Hanuman Chalisa Chaupai 18 Meaning in English

Pilgrims visiting Hanuman temples often offer the recitation of Hanuman Chalisa with Meaning as a form of worship.

Hanuman Chalisa Chaupai 18 in English with Meaning & Analysis

Hanuman Chalisa Chaupai 18 Sun as Fruit

जुग सहस्त्र
जोजन पर भानू ।
लील्यो ताहि
मधुर फल जानू ॥

Jug sahastra
jojan par Bhanu.
Leelyo tahi
madhur phal janu.

The distant
faraway sun.
You mistook
for a tasty fruit.

Hanuman Chalisa Chaupai 18 Meaning in English

The Hanuman Chalisa is not linear. So the story of Hanuman’s life does not appear sequentially. One moves back and forth. And so, after speaking of how Hanuman helped Ram, Sugriv and Vibhishan, this verse goes back in time to Hanuman’s childhood when he mistook the rising sun for a fruit and jumped into the skies to grab it.

This fantastic tale reveals how Hanuman is able to contract space and time. He is able to travel a huge distance as if he is jumping across the branch of a tree. And he is able to consume the vast fiery ball that is the sun as if it is a fruit. Some people have taken the phrase ‘jug sahastra jojan’ to refer to the distance between the earth and the sun, proof therefore that ancient India knew how to calculate distances in space

using observation. They have taken jug or yuga to mean 1,200 , sahastra to mean 1,000 and jojan or yojan to refer to 8 miles (approximately 13km ). So the line, they suggest, means roughly 150,000,000 km, in other words, the distance of earth from the sun. However, yuga refers to traditional time measurement (an era), and jojan refers to a traditional distance measurement.

When you multiply the two you get speed, not distance. Such interpretations, however appealing, are misleading. It simply refers to Hanuman’s ability to bend space and time, to not only reach the sun but also consume it by increasing his relative size. Hanuman does this as a child, without any training, without any knowledge of his own strength.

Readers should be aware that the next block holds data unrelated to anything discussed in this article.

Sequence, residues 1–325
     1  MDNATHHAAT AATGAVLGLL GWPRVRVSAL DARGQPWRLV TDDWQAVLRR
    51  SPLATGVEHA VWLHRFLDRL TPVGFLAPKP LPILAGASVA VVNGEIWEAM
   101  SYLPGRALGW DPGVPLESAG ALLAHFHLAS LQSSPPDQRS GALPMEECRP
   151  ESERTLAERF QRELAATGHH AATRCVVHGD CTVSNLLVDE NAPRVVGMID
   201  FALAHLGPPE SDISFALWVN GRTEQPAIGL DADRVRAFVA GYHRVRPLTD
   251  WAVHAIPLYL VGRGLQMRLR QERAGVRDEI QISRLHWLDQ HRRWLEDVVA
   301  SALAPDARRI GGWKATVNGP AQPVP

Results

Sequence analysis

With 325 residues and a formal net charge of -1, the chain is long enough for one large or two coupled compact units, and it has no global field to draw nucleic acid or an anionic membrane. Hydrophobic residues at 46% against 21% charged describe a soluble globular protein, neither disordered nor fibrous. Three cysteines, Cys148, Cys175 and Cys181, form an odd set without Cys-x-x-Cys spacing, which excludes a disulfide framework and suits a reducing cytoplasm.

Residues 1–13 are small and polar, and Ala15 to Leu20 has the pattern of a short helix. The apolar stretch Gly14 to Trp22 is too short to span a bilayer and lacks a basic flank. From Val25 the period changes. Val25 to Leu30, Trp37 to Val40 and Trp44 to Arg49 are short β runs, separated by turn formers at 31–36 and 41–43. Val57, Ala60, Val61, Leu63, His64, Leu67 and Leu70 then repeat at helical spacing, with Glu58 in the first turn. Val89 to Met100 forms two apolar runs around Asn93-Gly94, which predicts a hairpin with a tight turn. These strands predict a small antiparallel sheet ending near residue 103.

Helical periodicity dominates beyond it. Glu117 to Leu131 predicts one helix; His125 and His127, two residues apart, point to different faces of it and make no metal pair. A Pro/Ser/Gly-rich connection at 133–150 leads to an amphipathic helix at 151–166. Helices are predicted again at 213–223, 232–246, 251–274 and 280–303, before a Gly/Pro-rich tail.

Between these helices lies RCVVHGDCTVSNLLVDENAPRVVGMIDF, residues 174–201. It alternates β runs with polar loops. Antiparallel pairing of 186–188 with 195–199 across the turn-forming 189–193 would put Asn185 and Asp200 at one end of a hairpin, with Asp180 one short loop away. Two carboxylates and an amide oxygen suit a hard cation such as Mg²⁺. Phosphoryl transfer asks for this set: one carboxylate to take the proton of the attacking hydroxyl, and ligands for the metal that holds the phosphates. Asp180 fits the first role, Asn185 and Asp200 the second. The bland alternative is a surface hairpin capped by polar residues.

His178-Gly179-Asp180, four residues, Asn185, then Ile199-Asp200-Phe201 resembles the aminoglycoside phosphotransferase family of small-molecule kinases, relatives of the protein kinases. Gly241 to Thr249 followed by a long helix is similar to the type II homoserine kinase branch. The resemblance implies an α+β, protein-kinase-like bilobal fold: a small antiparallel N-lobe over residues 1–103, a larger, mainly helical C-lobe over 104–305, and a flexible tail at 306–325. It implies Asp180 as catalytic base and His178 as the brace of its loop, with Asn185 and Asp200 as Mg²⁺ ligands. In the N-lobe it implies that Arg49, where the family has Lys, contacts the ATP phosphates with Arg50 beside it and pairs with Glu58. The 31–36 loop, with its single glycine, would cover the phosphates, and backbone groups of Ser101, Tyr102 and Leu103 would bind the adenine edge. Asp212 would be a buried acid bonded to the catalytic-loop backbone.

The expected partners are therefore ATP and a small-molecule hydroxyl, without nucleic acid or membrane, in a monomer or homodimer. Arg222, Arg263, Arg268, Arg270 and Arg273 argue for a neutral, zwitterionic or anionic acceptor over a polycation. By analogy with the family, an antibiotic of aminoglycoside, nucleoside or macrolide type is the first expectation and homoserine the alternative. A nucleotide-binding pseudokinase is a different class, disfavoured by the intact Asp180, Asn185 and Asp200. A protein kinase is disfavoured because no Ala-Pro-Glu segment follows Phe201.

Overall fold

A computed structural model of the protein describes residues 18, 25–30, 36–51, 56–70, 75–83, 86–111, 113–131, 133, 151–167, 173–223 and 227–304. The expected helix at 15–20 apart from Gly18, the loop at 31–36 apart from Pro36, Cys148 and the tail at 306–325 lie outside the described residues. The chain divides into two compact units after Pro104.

This is when the gods panic and Indra, god of the sky, hurls his thunderbolt at Hanuman, causing him to come crashing down to earth, disfiguring his jaw, giving him his name-Hanuman. But Vayu gets annoyed at the way Indra treats his son and hides in a cave with his son, until the gods beg Vayu’s forgiveness and ask him to leave the cave and enable all creatures to breathe once again. In exchange, Indra and all the gods bless Hanuman with many powers.

In some stories, during his journey to the sun, Hanuman assumes all the other celestial bodies (grahas) and the constellations (nakshatras) to be toys and tosses them around. Hindus believe that the location of the grahas, relative to each other and relative to the nakshatras, provides the map of human destiny.

The purpose of astrology (Jyotish) is to appreciate this cosmic pattern. Hanuman has the power to change the location of these celestial bodies, hence the power to change human destiny. The sun impacts our radiance, the moon impacts our emotions, Mars our aggression, Mercury our intelligence, Jupiter

our rationality, Venus our creativity, Saturn our patience, Rahu our clarity and Ketu our calm. People pray to Hanuman on Tuesday and Saturday so that he ensures the grahas exert positive, not negative, influence. The verse tells us how for Hanuman the flaming ball of the sun is equivalent to a juicy fruit. We also know how he held the sun in his armpit, and some say his mouth, while finding Sanjivani. Hanuman is therefore considered a force that can change our destiny, influence the power of the grahas, remove their malevolent influence and enable their benevolent influence.

Hanuman Chalisa Chaupai 18 Meaning in English 1

The sun god is also Hanuman’s guru. Hanuman wanted to learn everything that there was in the world. He was advised to go to Surya, who sees all things. But Surya refused to be Hanuman’s teacher arguing that he was busy travelling all day and at night he had to rest and so had no time to teach.

Hanuman then began flying in front of the sun’s chariot, facing the sun, suffering his glaring heat, determined to learn whatever the sun god could share during his daily journey from the east to the west. Impressed by this display of determination, the sun-who is lord of all grahas-taught Hanuman many things, amongst them how to counter the ill effects of dangerous planets, plants and animals. Therefore, one prays to Hanuman in times of crisis.